If you can provide more details on what the different sub-tables contain, it might clear things up.

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I am having a similar issue. I have drawn up an ER diagram, but am not entirely sure how to implement specialised entities. EG I have a PERSON entity that is specialised into STAFF, MANAGER, GUARANTOR.

It would be easy to make a separate table for each of these roles that include the attributes in PERSON, but this isn't ideal (or correct relationally as far as I know). This would cause redundancy if for instance an instance of STAFF was also an instance of GUARANTOR.

Originally I assumed you would relate the STAFF, MANAGER and GUARANTOR entites to the PERSON, but this creates what I can best describe as circular relationships when these specialised entities are linked to their functions.

FileMaker then wants me to make a duplicate table for reasons I don't understand.

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Hi supergrug,

Your question is similar and I'd like to understand the thinking behind this.

It seems like Staff, Manager, and Guarantor are categories of Person. What is going on in those tables that makes them distinct and what are the relationships to Person?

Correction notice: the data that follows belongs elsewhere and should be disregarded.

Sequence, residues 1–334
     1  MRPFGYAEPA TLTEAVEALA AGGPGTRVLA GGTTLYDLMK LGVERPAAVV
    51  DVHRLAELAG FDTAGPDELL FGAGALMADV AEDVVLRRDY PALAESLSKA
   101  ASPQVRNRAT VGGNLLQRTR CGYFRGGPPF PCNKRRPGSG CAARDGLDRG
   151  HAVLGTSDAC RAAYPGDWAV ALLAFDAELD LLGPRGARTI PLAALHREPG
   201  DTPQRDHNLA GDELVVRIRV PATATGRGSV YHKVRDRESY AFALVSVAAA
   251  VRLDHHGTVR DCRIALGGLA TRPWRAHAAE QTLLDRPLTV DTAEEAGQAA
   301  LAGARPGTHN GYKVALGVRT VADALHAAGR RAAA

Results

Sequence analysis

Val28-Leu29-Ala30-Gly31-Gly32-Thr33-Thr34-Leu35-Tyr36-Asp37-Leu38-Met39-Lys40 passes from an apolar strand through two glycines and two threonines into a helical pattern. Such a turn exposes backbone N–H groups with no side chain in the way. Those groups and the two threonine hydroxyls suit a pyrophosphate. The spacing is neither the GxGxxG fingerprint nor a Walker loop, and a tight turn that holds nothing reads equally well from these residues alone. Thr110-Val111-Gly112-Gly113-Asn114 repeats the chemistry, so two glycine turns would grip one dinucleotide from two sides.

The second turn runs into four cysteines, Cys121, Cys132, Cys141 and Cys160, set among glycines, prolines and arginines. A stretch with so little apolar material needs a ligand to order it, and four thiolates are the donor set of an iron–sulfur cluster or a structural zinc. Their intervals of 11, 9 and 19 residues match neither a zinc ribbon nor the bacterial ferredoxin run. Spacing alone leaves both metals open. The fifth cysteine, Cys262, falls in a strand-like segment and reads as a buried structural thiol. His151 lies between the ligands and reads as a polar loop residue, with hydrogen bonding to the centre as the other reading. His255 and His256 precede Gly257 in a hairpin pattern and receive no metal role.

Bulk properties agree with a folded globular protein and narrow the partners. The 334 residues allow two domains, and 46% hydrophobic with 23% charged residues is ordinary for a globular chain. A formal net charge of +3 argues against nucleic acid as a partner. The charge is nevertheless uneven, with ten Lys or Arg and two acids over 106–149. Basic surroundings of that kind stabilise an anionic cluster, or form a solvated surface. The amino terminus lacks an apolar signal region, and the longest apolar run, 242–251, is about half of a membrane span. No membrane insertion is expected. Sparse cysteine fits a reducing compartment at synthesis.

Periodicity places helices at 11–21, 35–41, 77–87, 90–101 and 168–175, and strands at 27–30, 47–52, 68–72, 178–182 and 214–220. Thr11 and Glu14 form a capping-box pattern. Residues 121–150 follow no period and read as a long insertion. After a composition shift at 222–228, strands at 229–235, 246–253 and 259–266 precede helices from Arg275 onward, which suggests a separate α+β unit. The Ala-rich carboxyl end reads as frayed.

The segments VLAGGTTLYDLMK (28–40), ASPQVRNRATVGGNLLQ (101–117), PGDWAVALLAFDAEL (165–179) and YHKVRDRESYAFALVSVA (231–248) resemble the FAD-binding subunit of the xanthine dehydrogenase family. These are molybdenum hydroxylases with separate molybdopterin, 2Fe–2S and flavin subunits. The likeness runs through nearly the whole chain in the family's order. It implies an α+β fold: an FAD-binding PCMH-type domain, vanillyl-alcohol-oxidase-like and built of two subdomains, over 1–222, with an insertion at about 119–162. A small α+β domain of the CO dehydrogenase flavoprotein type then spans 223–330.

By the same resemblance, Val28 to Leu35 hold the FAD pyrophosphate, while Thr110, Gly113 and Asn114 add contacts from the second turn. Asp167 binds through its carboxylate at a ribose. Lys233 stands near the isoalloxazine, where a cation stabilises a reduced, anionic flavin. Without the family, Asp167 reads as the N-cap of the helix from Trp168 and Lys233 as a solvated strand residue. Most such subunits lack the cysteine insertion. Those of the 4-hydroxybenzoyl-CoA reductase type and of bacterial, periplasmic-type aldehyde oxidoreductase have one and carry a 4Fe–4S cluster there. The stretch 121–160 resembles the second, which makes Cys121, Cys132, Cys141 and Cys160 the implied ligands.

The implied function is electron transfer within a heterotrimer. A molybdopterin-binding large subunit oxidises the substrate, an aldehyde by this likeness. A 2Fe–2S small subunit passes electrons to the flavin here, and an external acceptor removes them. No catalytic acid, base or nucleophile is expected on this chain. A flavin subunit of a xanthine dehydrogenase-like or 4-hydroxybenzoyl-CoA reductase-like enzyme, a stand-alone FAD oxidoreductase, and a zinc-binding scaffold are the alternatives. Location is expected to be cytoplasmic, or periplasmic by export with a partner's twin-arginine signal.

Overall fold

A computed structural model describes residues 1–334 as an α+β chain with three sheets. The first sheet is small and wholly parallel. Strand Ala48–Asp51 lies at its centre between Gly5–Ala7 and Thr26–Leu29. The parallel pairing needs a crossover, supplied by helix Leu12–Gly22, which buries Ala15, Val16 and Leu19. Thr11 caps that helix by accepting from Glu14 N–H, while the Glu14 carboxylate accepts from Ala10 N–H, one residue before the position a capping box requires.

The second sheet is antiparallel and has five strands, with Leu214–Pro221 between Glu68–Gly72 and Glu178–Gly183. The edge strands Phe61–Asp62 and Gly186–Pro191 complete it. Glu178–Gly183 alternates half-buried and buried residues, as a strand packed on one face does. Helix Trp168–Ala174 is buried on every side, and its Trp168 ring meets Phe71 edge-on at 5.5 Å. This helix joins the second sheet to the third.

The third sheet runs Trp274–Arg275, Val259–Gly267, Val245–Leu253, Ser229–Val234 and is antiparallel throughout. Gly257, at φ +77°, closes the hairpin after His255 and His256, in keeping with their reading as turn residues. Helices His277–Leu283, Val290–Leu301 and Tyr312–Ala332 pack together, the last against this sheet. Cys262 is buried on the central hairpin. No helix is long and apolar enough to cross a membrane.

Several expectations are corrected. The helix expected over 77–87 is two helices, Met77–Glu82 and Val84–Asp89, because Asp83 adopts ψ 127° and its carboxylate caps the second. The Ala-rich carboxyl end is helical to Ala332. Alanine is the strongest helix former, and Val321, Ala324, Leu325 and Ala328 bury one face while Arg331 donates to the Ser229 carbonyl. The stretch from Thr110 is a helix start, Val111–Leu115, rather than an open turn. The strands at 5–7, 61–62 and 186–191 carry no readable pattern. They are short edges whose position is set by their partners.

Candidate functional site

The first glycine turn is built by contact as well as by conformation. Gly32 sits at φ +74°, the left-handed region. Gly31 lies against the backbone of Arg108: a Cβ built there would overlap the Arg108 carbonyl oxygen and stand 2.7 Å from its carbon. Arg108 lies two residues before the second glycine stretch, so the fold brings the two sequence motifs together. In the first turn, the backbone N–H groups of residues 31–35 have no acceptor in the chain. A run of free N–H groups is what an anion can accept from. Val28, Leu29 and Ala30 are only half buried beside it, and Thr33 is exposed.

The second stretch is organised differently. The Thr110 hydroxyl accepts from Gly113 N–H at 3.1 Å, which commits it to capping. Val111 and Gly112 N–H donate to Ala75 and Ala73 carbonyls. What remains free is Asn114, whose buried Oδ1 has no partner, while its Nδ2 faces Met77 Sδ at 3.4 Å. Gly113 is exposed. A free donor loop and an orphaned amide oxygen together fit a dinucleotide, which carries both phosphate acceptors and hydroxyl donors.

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I think in some ways this design is better normalized that leaving many fields blank. I'd have to bust out my DB design book to be sure, but if every product of type "tile" leaves a bunch of fields blank every time and uses fields that no other product type uses, then the table is not normalized.

In my case, a lot of product types have non-overlapping fields. Tile have width, height, area, thickness, shape. Loose stone has weight and grade. Mosiacs have all kinds of fields for design, types of rocks, shape, size, etc.

What I've don is take all the common data like code, description, pricing, units, weight, etc. and put it in a products table. This way it's easy to look at a list of all the products no matter what the type. Then If you want to view specifics I have a scripted button that takes you to the correct layout.